A job analysis is a process that will identify and determine in detail the particular job functions and activities, interactions within the physical environment, work conditions, requirements for a particular job, expected or desired productivity, vocational qualities, and the relative importance of all these factors combined.

An important concept of a job analysis is that the analysis is conducted of the Job, not the Person.

A job analysis involves collecting data on a job or occupation and making judgments about its relevancy. While data may be collected from incumbents through interviews or questionnaires, the product of the analysis is a description or specifications of the job, again, not a description of the person.

Call me ~ Amy at 515-282-7753 for help with analyzing a job or two! You may be surprised of what you’ll find to help you make decisions on a litigated case involving work and disability.

One of my specialties is forensics…..starting from a goal and moving backwards!

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My professional rehabilitation counseling practice is focused on helping people participate in the world around them, particularly in their own world of work.

 

Client or Customer? Both are Equally Valuable!

I consider the job seeker as my client, and the business entity (eg: an employer or a service provider) as the customer. I have  job placement services available for the client. Typically my clients are people who have already worked and are now on a path for new work opportunities.

Matching People With Their World of WorkMatching People With Their World of Work

My philosophy regarding placement is to individualize services to match the job seeker within his or her own world of work. Although we all comprise the working world, we each have our own niche that can be as far and wide or narrow and slim as our talent can go.

I focus in on which job search tools my placement client can use to benefit their own natural style of communication. Being able to describe yourself in a way that answers questions during an interview while showing your personality is valuable.

You have to understand your transferable skills and believe you can apply them in many different settings and situations (and make make $ to boot!). Believe in yourself first, and then build a market profile of yourself. And start the sale!

It’s a matter of expression to picture your skills as valuable, marketable and on sale to the best buyer!

On the other consulting side of my business, I have services available for the customer. One such service is job analysis.  A job analysis is a process to identify and determine in detail the particular functional duties and requirements and the relative importance of them for a given job. An important concept of a job analysis is that the analysis is conducted of the job, not the person.

While job analysis data may be collected from incumbents through interviews or questionnaires, the product of the analysis is a description or specifications of the job, and again, not a description of the person.

A job analysis that includes accommodation options has helped when the client is already an employee (and has an illness or injury leading to questions about ability to do the job) and a decision needs to made whether the best option is to retain or release the employee from permanent employment.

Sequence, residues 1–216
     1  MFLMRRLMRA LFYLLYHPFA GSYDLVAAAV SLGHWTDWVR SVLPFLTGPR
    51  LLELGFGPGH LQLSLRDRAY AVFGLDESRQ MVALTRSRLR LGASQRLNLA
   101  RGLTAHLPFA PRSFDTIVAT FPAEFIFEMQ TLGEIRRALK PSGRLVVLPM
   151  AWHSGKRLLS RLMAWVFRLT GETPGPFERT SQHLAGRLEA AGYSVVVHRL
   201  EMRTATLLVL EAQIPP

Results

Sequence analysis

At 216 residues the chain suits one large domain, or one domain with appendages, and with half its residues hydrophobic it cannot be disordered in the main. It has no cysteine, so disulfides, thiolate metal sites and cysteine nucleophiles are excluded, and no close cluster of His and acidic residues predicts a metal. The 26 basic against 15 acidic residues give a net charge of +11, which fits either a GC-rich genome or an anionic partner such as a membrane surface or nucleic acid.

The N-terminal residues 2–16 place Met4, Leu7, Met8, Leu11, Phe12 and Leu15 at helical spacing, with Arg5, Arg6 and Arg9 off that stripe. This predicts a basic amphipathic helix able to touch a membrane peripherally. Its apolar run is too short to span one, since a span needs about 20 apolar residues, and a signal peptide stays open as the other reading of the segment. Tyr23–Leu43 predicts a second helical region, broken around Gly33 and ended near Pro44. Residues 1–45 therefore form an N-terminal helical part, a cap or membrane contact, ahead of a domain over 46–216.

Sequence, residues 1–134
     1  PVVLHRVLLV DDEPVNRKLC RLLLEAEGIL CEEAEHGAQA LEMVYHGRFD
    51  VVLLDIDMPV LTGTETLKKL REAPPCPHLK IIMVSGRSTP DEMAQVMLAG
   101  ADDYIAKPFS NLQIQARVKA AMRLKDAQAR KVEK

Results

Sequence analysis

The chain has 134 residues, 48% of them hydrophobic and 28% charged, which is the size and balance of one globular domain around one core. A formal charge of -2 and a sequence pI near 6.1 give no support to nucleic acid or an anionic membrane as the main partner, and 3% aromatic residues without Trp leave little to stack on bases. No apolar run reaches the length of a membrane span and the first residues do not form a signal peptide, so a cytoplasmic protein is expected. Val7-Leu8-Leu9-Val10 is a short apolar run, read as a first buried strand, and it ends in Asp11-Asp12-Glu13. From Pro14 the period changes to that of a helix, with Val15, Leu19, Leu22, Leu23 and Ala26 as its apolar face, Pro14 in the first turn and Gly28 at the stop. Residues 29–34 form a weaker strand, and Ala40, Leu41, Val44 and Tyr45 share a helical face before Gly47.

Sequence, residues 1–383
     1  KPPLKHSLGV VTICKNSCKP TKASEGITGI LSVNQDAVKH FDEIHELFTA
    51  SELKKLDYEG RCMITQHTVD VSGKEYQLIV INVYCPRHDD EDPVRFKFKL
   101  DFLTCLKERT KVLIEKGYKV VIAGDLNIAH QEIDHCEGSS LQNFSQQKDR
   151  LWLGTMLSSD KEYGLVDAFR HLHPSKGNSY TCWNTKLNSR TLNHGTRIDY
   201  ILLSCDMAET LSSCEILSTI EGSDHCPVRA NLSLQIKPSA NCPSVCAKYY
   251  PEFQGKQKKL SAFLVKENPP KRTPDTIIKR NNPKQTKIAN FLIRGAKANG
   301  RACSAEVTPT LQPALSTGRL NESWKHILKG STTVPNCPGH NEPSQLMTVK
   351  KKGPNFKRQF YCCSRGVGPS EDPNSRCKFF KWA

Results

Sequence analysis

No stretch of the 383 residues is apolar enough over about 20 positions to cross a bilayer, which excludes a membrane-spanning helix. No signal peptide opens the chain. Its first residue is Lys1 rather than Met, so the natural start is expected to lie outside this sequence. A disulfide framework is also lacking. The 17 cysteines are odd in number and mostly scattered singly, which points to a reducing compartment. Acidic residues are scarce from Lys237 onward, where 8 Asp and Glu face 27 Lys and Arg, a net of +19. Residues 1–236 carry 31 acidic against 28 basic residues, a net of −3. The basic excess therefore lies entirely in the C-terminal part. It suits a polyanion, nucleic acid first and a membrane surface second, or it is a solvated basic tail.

Judgments are made using data collected regarding the job and / or a variety of jobs with similar components. And then I can provide expert testimony based on the data and my opinion of the person’s place within his or her own working world.

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I like customers and clients equally and promise to serve all people to the best of my ability.

Call me, Amy, at 515-282-7753 or email vocresources@gmail.com should you want me to help you with your clients.

 

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 My professional rehabilitation counseling practice is focused on helping people participate in the world around them, particularly in their own world of work.

Vocational Case Management Services

Vocational case management is an integral component of the rehabilitation process to return the injured worker to suitable, gainful employment.

Services are available to evaluate the rehabilitation potential of the claimant, to provide counseling for disability-related concerns, and when appropriate, to access the labor market and identify job placement opportunities are available.

The variety of services available are useful for insurance carriers, employers and attorneys to evaluate the rehabilitation potential of the claimant, to provide counseling for disability-related concerns, and when appropriate, to access the labor market and identify job placement opportunities.
Comprehensive private vocational rehabilitation concentrates on attainment of pre-injury wage considering the worker’s skills, aptitudes, interests and physical capabilities.

The benefits of utilizing vocational case management are numerous:
• Claim dollars for both medical and vocational payment decrease
• Relevant medical and vocational issues of the claim are identified and solved in a timely fashion
• Problems associated with return-to-work are identified and solved in a timely fashion
• Creates a positive relationship between the insurance company, the claimant and the attorney
• Documents all case activity, to include objective detail of medical issues, vocational goals, behavioral interactions, and financial aspects of the situation
• Assists in decision making based on specific recommendations
• Controls the direction of the file, lowers industrial disability loss, and reduces long-term financial responsibility
• Encourages and supports the injured worker to seek and obtain suitable work
• Proves employment options and permanent job opportunities are available

Vocational Case Management

Vocational case management is an integral component of the rehabilitation process to return the injured worker to suitable, gainful employment. For the best efficiency and efficacy, services should begin as soon as possible. Early intervention is a good practice, especially for small businesses.

If early intervention wasn’t established, once the physician releases the individual for return-to-work or rules out return-to-work with the same job and same employer, case management should kick into gear.

Make early intervention simple….once a worker files a claim, call a vocational case manager into action. We are ready to help! 515-778-0634